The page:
It’s 5:00am. The sky is changing its hues and the first ray for the day is just about to break out. There is complete isolation and the only sound is of the dogs barking at the crows chirping. You are just mildly shivering and a cup of hot coffee is sitting in the balcony with you in silence. And the perfect melody is playing in the background just for your ears when your mind is yet to be clouded by the white noise of the world. It’s playing just to comfort you. That is Parvaaz for me. It’s comfort.
Parvaaz is a Bangalore based band that started out in 2010. Their music is a fusion of Urdu and old poetry. Hard to decode but soothing, nonetheless. Their debut album, Baran, was highly acclaimed. Their new single, Color White, talks about the individual fighting with their egoistic self. I got a chance to interview them one sunny afternoon.
Your first memory of creating music.
The romance with music started when we were in school. We used to buy cassettes to listen to and at that age, the concept seemed intriguing and just, really cool. When I came to Bangalore for graduation, that’s when we began jamming and started creating music.
How did you come up with the name Parvaaz?
Parvaaz just came by. When we started, it was just Kashif Iqbal and Khalid Ahamed. Back in 2010, we used to perform at acoustic shows in college. After one of the performances, an organiser approached us and asked if we would like to perform. We said yes and he asked us if we had a name for our band. We had a couple of names shortlisted, Parvaaz was one amongst them. We chose that and the name just stuck. We have been Parvaaz ever since.
What was the inspiration behind Color White?
This song was written almost 2-3 years ago and was a part of our live set and was recorded this year. We recorded the beginning of the song again and decided to shoot the video in Kashmir. We shot it in January, 2017 and since the snow is white, it was quite appropriate for the song, Color White. The song itself talks about the egoistic person. It is a person fighting with their own ego.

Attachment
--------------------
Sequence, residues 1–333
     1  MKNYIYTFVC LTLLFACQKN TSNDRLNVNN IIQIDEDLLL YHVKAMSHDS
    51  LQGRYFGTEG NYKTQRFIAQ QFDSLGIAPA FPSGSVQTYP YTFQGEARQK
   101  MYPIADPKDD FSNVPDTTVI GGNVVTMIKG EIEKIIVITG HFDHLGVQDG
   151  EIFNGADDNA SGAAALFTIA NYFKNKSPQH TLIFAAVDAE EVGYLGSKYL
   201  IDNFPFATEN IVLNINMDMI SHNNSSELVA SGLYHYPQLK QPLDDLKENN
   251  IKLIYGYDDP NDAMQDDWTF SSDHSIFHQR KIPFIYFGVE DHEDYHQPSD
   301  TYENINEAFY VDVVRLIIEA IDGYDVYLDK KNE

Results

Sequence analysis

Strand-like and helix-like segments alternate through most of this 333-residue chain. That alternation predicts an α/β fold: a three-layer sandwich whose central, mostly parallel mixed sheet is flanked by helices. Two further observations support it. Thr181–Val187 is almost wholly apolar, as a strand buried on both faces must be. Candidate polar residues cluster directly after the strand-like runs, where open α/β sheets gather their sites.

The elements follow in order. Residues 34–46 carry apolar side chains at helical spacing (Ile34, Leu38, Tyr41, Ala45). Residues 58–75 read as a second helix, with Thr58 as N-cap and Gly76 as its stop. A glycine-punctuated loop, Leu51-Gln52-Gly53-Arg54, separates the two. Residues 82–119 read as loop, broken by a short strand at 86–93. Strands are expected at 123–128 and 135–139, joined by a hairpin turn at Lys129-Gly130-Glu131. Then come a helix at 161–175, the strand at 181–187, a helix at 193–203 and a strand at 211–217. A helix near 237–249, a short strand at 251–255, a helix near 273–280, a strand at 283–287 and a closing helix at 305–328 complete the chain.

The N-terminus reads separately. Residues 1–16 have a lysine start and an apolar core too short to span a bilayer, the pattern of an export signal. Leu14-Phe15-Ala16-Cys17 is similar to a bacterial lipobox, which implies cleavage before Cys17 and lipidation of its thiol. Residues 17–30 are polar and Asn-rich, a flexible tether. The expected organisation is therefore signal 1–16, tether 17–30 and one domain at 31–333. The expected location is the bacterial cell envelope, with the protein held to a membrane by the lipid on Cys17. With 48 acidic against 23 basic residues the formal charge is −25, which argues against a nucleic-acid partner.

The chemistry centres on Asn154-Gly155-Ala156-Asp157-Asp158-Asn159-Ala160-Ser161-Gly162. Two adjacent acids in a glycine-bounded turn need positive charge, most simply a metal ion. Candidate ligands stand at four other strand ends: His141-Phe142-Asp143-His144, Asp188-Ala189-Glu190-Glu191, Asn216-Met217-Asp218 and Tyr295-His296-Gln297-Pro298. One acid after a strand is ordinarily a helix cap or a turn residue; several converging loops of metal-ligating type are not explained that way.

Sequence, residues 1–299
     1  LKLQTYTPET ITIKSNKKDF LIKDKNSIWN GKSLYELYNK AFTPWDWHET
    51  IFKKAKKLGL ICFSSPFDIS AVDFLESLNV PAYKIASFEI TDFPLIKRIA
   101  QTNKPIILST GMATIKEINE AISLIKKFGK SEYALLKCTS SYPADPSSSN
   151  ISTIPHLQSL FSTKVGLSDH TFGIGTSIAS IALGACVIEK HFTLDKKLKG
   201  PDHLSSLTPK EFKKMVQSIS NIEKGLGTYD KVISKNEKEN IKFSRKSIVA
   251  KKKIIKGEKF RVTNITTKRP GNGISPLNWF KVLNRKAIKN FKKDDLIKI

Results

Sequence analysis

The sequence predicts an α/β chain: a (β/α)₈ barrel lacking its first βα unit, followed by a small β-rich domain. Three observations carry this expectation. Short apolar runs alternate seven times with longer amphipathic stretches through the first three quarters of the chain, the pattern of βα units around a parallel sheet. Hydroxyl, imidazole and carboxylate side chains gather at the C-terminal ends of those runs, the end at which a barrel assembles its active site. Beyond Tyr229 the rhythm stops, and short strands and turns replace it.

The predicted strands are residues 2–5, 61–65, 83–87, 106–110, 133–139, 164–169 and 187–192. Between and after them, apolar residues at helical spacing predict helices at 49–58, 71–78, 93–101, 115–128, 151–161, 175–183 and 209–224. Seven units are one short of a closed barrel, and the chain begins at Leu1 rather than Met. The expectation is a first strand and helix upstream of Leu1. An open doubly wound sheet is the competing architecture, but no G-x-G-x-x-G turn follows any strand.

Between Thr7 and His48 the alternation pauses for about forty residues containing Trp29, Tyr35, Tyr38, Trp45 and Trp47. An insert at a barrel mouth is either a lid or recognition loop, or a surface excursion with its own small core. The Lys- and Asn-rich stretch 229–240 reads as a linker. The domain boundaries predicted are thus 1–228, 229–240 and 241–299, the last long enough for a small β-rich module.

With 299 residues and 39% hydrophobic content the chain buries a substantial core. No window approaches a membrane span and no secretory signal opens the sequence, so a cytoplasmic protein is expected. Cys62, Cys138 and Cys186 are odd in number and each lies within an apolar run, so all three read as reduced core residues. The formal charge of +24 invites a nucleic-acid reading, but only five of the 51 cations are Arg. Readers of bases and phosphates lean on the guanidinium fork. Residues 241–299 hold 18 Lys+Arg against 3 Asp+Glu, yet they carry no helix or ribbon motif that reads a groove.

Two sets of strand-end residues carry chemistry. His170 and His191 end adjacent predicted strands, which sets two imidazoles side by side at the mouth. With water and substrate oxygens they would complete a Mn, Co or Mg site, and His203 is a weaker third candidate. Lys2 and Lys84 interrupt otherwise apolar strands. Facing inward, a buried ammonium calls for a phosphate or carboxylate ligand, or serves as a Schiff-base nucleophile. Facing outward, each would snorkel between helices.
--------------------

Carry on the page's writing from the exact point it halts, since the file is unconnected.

Deconstruct your creative process.
Melody comes first. During our jam sessions, we improve upon the melody and then focus on the structure of the track. Once the melody and structure are locked in, we put the lyrics on top of that. Lyrics are usually the last to come in.
Which Indian artists do you listen to and would like to collaborate with?
Collaborate with so many. But, if we had to name a few, Indian Ocean and Blackstrat Blues.
What is your favourite line from the song and what does it mean to you, on a personal level?
The entire song is very close to us. But the words Shaman and Shamjaan are perfect.
Could you tell me more about working with the videographer and how the video came about?
Last year, around December, we came up with the idea and started writing the storyboard of it. Kashmir followed. There were two cameramen working on the drone footage, Isam Wani and Minam Wani. Raghul Sridharan was another cameramen we were working with and he took the handheld footage. We had a meeting with all of them to pitch the idea and asked them to covert it into a video. The entire video was shot in two and a half day. The temperature was -15 degrees. It was extremely cold. We would go out and shoot, come back to our huts and warm ourselves. That was the routine. It was terribly difficult but in the end, we knew that it had a good motive behind it. It was definitely worth it.
What’s next for Parvaaz?
We’ll be performing in Bangalore at The Bflat Bar on the 10th of June. Alongside, we are working on a new album. We have already written a few compositions and few tracks are already laid down. We’ll be showcasing lot of new tracks in our Bflat gig.
Text Suhani Lakhotia